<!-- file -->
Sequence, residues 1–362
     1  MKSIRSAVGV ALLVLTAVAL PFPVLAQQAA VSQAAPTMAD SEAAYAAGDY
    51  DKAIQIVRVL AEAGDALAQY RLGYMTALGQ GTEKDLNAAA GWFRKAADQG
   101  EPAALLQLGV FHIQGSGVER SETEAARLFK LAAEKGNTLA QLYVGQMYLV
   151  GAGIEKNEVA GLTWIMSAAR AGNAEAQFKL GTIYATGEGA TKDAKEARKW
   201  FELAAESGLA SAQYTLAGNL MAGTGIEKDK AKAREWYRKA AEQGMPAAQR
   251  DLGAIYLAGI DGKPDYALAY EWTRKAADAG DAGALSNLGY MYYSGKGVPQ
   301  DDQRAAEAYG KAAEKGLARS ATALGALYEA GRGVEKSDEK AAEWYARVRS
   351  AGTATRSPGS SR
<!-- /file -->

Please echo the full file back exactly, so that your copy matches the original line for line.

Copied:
Sequence, residues 1–362
     1  MKSIRSAVGV ALLVLTAVAL PFPVLAQQAA VSQAAPTMAD SEAAYAAGDY
    51  DKAIQIVRVL AEAGDALAQY RLGYMTALGQ GTEKDLNAAA GWFRKAADQG
   101  EPAALLQLGV FHIQGSGVER SETEAARLFK LAAEKGNTLA QLYVGQMYLV
   151  GAGIEKNEVA GLTWIMSAAR AGNAEAQFKL GTIYATGEGA TKDAKEARKW
   201  FELAAESGLA SAQYTLAGNL MAGTGIEKDK AKAREWYRKA AEQGMPAAQR
   251  DLGAIYLAGI DGKPDYALAY EWTRKAADAG DAGALSNLGY MYYSGKGVPQ
   301  DDQRAAEAYG KAAEKGLARS ATALGALYEA GRGVEKSDEK AAEWYARVRS
   351  AGTATRSPGS SR